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Thanks to Security Nirvana the program and abstracts of password 11 are available.

Today I got the confirmation for attending password 11, a conference on password security. It is done by Selmer Centre a part of the university of Bergen, Norway.  I am looking forward to some interesting talks. In the mean time check out what happened on password 10, which happened in December 2010. For those of you unable to participate take a look at upstream.tv, there will be a recording/live stream of at least some of the talks.

Additionally I plan to write about the talks afterwards.

See you at password 11

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Some words about comments on this site. You might be wondering that there are nearly no comments at all on the site. The reason for this is very simple. I approve comments only from people I know. I do not want my readers to be spammed. In the case you think your comment should appear on this site, even while I do not know you, send me an email, so we can discuss on the topic. There is a good chance to convince me about approving your comment.

Currently I am focusing on the topic of password security and guessing of passwords. For this work I started to analyse the famous rockyou password list. This list was leaked in December 2009 [wikipedia]. The list can be found on various sources for example at SkullSecurity, where are a lot more lists as well.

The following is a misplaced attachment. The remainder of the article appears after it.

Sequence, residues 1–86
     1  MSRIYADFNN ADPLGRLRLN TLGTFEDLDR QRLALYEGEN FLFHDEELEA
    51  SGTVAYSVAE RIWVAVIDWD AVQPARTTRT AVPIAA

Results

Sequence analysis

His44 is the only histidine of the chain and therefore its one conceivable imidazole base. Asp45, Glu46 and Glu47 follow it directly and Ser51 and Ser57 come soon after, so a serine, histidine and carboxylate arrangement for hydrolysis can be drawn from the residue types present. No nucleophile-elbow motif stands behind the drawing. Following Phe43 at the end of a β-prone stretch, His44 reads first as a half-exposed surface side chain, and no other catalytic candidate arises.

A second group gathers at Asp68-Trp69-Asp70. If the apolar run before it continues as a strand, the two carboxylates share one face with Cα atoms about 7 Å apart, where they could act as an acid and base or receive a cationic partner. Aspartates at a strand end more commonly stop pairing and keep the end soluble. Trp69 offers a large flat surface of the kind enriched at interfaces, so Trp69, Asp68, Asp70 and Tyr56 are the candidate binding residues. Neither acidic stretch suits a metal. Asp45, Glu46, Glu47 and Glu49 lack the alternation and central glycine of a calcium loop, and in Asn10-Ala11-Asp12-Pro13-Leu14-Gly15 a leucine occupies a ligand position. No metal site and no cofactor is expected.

Taking a closer look on the passwords brings the following results:

12.2% are passwords with 6 letters lower case

8.4% are passwords with 7 letters lower case

7.5% are passwords with 8 letters lower case

7% are passwords with 6 digits

As a little performance test I took a list of raw-MD5 Hashes a asked John The Ripper to brute force all lower case words with 8 letters meaning from a to zzzzzzzz. It took around 5 hours then John had finished his work with roughly 2.4 Million words hashed per second.The work was performed on a Compaq nx9420 running a gentoo linux. Testing the digits from 0 to 99999999 took additionally 42 seconds.

This numbers bring us to the point:

  • use long passwords (10+ signs)
  • use small and capital letters
  • use numbers
  • use special signs !

All of these measures increase the security of your password and also help to protect your data.